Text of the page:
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Mainstream, Vol XLVI No 39

Flood Havoc by Kosi River in Bihar

Thursday 18 September 2008, by Chaturanan Mishra

North Bihar has floods every year and therefore there is a feeling that this year too it is largely the same as before even as the floods this time have devastated 16 districts, badly affecting some four million people. But this is not the case. The present Kosi flood reminds one of the floods before 1955 when the eastern Kosi embankment was not there and the Kosi was flowing in the natural manner causing heavy damages. It is a river which has a character of heavy erosion and thus changing its course of flow. Other rivers originating in Nepal do not change their course as frequently as Kosi. Since the embankment built at such a high altitude has been breached near the Indo-Nepal border and as the river belt ahead was silted, all the water came down suddenly as a deluge or a pralay. People in these affected districts were not experiencing floods since 1955 when the embankment was built and so were totally unprepared for this devastation.

I am one of those who have been saying all along that the embankment system in Bihar is unscientific unless every year or two the river-bed is cleared of silts and sands in off-season. But the engineers and government did not listen to this. Secondly, blanketing of the total embankment should be done every year as it is done in coal mines. As far as possible rivers must be allowed to have a natural way as the level of flowing is chosen by the flow itself. These suggestions were criminally ignored as no funds were provided in the budgets for maintenance.

The most important feature of the floods in North Bihar is that except Burhi Gandak all rivers originate in Nepal, a foreign country. Flood protection is in general a State subject under our Constitution but floods caused by rivers overflowing from a foreign country is a Central subject. When the river linking issue came up I raised this point with the Central Government and the then Minister, Priya Ranjan Dasmunshi, responded by saying that the government was considering the matter; however, the present Minister, Saifuddin Soz, replied to other points but kept silent on this main issue. At least after this ‘national calamity’ this issue needs to be addressed with all seriousness and a final decision expeditiously taken on the subject.

During discussions on the issue of river linking some time back when this idea was opposed by Laloo Prasad Yadav, the question of constructing the Kosi High Dam at Barahkshetra came up. This is again being talked about but this area comes under the earthquake zone and earthquakes of low intensity on the Richter scale occur there practically every year.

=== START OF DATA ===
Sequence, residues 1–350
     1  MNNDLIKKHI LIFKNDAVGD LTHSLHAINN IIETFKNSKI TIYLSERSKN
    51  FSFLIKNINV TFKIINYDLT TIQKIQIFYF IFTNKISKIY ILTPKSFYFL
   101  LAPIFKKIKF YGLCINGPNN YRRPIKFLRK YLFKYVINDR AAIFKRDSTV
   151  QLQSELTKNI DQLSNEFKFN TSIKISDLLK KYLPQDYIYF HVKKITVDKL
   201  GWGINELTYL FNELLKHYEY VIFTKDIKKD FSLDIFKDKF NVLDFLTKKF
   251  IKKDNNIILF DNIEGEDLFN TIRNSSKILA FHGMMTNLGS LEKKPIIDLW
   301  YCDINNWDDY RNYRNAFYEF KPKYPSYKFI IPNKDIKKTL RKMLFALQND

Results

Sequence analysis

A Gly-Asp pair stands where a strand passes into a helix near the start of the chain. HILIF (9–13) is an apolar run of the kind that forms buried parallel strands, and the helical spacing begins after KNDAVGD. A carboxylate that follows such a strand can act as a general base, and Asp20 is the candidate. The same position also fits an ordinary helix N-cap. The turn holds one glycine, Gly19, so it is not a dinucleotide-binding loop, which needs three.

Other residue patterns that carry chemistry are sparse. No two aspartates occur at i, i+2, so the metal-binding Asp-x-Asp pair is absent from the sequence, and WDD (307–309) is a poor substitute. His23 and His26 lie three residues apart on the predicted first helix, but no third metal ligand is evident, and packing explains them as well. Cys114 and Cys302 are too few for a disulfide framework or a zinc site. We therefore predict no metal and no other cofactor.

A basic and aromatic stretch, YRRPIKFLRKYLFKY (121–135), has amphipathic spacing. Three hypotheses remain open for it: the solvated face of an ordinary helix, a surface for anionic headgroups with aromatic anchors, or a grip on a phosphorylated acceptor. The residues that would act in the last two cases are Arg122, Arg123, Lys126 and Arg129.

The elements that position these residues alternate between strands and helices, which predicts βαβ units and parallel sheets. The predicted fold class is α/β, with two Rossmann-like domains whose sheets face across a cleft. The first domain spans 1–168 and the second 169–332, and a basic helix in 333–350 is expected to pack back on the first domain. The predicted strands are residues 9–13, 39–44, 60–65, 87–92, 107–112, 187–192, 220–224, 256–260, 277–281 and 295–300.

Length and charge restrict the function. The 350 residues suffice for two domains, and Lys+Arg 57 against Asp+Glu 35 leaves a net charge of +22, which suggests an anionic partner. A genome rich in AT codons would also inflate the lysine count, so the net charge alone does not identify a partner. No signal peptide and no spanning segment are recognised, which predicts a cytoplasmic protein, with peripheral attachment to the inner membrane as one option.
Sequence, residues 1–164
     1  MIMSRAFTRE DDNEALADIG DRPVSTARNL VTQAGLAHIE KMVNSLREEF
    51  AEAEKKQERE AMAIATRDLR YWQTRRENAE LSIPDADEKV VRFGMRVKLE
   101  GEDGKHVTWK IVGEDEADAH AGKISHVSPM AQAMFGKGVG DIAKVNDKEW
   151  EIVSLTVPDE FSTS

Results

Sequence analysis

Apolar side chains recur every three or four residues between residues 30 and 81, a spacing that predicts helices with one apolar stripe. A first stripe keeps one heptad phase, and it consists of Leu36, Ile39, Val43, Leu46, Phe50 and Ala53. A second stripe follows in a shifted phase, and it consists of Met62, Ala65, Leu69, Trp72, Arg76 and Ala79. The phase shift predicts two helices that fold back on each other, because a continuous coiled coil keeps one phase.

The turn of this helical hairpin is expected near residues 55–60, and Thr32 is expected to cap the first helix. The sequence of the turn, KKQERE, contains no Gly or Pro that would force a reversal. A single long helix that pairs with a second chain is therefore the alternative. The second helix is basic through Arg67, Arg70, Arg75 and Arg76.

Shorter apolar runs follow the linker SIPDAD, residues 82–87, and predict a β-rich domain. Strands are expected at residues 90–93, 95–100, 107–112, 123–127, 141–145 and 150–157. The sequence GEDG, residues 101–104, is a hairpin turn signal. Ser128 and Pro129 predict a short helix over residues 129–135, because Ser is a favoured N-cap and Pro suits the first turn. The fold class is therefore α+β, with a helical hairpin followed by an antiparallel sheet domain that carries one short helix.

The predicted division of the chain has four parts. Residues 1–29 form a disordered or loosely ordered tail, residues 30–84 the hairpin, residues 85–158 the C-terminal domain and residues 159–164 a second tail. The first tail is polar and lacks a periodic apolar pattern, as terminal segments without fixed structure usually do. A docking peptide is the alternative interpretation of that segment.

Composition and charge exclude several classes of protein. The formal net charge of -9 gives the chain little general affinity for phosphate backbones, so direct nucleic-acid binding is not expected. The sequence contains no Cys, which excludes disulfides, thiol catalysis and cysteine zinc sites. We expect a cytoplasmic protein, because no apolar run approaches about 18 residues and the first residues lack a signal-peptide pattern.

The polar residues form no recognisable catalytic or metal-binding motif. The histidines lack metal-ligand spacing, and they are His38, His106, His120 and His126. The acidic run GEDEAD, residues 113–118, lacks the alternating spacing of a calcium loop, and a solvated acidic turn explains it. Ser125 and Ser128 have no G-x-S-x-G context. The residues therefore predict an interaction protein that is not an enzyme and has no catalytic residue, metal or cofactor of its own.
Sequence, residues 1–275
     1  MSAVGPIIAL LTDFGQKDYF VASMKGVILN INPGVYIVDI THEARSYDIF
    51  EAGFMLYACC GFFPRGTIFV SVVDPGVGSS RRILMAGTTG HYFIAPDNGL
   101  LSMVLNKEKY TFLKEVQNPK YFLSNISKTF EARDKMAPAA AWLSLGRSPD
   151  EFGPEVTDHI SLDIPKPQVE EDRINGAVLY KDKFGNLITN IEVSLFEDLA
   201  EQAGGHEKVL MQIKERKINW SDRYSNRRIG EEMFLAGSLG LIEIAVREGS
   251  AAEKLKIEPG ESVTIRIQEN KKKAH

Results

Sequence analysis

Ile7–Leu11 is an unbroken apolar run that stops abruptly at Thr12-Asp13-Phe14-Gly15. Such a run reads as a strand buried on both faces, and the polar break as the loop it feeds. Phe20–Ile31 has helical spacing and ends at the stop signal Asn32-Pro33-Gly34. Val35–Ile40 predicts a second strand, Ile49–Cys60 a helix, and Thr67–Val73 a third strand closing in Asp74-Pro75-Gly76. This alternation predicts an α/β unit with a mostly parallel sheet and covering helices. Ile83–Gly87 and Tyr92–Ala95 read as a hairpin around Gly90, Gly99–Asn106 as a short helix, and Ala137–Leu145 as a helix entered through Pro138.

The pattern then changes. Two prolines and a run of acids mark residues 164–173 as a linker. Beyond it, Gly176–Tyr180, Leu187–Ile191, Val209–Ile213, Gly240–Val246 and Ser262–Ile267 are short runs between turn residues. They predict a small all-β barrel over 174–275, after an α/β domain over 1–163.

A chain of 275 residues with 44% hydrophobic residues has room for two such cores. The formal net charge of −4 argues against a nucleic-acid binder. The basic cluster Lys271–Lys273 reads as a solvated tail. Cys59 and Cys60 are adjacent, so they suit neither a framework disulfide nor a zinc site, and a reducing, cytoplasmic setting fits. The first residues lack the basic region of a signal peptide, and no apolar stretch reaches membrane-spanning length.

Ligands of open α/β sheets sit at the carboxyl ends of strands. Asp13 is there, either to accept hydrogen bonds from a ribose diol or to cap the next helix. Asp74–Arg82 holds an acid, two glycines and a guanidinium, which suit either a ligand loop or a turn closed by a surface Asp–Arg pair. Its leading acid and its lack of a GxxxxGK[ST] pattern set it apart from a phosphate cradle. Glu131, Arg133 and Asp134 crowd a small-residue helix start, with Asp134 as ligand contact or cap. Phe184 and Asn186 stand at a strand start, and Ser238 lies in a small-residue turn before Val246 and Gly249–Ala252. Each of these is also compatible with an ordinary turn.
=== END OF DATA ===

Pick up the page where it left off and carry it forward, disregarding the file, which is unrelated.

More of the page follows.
I therefore think that India should approach the UNO and FAO and immediately hold an international conference in the country to consider whatever needs to be done to save North Bihar and also tackle the floods in Assam due to the Brahmaputra which originates in Tibet.

AS regards the subject of responsibility, that is, who is responsible for this deluge, both the Central and State governments are responsible as it was known to them that the eastern Kosi embankment is overage and they took no precaution in this regard. Political parties also failed to raise this issue. Trade unions of Kosi workers, at least the Kosi Kamgar Union of which I was the President for many years, should have highlighted this matter. The difficulty with the present trade unions is that unlike in the past they don’t take up national and social problems and remain confined to their own economic demands.

The Bihar officers, many of whom are corrupt, do not take due interest in relief work. Ask those journalists who visited Gujarat in the wake of the earthquake there and found officers and NGOs working devotedly for the people and the same persons will tell you how negligent the Bihar officers are. Rehabilitating the millions of people uprooted in the eastern Kosi area is a very difficult task. The Central Government will have to come in a big way to meet this ‘national calamity’ as stressed by the PM. Public sector and private sector industries as well as other State governments should adopt blocks to rehabilitate the residents. I remember how during an earthquake in Armenia in Soviet times, when thousands of houses were ruined, different Republics came forward to rebuild the houses within a few months time. Our State governments should work with such a spirit and set a precedent. This will also encourage the Bihar officers.

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